Home Swim wears Dr Sylvia Earle partners with Rolex to protect the ocean

Dr Sylvia Earle partners with Rolex to protect the ocean

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When marine biologist and explorer Sylvia Earle dives into the depths of the sea, she wears an oxygen cylinder on her back and a gold Rolex on her wrist. The Oyster Perpetual Day-Date in 18k yellow gold has accompanied her to the polar caps of the Arctic and Antarctic, through the glassy waters of the Indian and Atlantic Oceans, and aboard more than 30 cents. -marines.

Exploration and conservation have long been the pillars of Rolex, a Swiss watchmaking house founded in 1905 by Hans Wilsdorf. The freethinker and the planet-passionate borderbreaker have created pieces that combine timing precision and impressive technical innovation. In 1926, the Rolex Oyster was hailed as the world’s first waterproof watch, worn by Mercedes Gleitze during its historic Channel swim the following year. When Edmund Hillary became the first man to climb Mount Everest in 1953, he did so with an Oyster Perpetual, an understated and durable design with a link bracelet and self-winding mechanical movement. Since then, countless explorers have climbed summits, sailed seas and traversed deserts with their trusty Rolex.

Rolex Day-Date in 36 mm yellow gold with diamonds

Today, attention shifts from discovery to attention to the fragility of the Earth. In 2019, the brand launched Perpetual Planet, an initiative that supports individuals and organizations using science to tackle ecological challenges. It involves working with Earle to protect marine “hope points” and raising exceptional land warriors through the Rolex Awards for Enterprise.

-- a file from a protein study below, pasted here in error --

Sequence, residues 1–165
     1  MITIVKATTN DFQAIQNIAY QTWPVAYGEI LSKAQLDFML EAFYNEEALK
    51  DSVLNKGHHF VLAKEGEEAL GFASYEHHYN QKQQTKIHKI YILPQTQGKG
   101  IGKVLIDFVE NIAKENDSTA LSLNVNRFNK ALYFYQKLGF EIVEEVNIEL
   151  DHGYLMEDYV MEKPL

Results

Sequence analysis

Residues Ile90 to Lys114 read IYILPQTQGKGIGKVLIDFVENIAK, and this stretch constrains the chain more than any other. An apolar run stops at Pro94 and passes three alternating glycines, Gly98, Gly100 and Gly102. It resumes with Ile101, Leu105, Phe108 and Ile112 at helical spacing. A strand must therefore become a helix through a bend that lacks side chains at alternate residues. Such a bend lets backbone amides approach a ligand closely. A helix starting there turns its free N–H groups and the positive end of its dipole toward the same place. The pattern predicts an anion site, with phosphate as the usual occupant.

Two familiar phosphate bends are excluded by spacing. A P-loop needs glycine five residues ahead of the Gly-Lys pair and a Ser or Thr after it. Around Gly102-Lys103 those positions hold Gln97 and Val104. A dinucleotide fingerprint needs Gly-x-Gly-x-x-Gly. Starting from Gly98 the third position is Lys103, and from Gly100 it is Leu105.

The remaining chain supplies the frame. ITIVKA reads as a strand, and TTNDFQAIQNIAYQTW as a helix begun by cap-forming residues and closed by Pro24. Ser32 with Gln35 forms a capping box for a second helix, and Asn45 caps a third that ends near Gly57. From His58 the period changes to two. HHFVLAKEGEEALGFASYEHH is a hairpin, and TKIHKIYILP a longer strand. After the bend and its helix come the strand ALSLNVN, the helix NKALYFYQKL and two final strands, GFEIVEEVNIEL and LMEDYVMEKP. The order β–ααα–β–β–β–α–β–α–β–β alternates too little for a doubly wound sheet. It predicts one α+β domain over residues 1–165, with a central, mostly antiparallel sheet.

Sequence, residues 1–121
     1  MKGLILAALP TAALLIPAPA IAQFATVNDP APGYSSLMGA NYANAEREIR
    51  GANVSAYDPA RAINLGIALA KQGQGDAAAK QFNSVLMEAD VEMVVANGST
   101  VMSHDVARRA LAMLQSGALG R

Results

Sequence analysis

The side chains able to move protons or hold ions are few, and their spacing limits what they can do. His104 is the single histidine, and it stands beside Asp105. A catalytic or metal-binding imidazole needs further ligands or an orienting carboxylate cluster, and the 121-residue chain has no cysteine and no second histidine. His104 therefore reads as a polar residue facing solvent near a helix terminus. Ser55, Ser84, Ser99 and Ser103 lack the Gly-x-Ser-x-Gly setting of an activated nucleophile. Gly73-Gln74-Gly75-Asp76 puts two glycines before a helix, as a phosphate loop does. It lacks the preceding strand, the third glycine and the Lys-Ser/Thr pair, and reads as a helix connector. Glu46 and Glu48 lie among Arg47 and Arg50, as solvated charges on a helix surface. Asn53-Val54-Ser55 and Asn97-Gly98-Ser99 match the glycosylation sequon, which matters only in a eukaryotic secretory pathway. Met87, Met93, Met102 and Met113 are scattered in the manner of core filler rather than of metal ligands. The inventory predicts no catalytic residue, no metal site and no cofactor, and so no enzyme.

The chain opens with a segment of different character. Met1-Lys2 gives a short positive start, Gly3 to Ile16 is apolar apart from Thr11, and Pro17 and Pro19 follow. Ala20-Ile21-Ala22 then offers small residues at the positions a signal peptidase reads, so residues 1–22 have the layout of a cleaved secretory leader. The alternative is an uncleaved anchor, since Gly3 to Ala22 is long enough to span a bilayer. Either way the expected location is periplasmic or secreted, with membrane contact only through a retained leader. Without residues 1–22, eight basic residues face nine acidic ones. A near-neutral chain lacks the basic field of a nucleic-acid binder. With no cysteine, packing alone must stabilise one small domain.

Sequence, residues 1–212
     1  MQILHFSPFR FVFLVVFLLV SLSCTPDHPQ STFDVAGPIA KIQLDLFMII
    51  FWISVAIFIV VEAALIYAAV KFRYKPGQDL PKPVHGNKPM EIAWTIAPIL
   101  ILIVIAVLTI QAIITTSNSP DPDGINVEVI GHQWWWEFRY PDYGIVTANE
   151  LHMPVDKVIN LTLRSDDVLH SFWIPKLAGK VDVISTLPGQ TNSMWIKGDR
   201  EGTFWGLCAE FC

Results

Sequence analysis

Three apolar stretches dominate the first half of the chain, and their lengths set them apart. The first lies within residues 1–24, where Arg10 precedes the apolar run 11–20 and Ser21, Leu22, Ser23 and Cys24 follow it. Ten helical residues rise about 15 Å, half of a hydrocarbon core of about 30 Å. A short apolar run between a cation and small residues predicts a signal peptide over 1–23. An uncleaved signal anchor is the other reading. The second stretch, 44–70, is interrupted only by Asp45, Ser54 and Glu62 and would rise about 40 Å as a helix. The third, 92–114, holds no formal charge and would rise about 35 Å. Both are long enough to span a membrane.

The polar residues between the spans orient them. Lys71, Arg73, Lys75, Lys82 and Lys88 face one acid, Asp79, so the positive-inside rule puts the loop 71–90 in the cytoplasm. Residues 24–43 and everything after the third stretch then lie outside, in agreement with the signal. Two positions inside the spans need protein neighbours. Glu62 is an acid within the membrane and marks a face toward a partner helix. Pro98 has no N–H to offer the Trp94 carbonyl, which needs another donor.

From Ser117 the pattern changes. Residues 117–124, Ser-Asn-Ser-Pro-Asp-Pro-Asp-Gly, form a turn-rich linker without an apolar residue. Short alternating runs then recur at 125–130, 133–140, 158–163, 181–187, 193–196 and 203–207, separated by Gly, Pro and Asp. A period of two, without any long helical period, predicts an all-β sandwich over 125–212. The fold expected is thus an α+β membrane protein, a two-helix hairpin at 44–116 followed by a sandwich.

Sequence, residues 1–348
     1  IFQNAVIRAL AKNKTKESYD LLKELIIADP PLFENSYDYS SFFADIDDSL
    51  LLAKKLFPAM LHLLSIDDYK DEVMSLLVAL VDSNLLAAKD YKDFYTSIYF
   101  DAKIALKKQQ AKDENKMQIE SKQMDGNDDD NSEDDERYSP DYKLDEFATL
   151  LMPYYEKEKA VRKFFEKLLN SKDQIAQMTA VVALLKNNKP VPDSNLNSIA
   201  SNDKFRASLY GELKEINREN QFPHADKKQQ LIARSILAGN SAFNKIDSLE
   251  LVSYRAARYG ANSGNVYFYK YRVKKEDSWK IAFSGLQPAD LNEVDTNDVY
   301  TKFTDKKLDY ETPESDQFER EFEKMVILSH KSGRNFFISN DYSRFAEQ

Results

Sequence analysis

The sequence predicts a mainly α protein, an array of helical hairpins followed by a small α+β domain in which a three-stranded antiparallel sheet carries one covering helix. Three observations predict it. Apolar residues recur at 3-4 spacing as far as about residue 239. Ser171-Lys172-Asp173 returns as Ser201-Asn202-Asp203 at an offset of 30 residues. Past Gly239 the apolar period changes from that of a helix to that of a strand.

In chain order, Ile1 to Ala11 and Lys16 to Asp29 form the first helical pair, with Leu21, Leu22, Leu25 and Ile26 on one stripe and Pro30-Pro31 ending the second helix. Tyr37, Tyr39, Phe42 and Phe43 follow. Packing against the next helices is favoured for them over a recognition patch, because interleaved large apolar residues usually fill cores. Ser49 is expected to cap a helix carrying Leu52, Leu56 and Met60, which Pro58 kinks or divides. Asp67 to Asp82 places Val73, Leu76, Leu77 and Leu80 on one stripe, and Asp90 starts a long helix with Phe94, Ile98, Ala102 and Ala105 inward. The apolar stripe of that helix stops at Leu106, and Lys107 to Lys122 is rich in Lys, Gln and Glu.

The word “perpetual” has a special resonance for the house. Inscribed on the dial of every Rolex Oyster, it is an antidote to throwaway culture and reflects Wilsdorf’s mission to continue to fight for a better world. Earle, now 86 and still walking the seabed, says her Rolex is more than just an accessory or even a timekeeper, it’s a measure of life – a reminder to make every moment count. “Do you know the most important moment?” ” she asks. “It’s probably somewhere in the future.”

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This story originally appeared in the November issue of Marie Claire Australia, now available.

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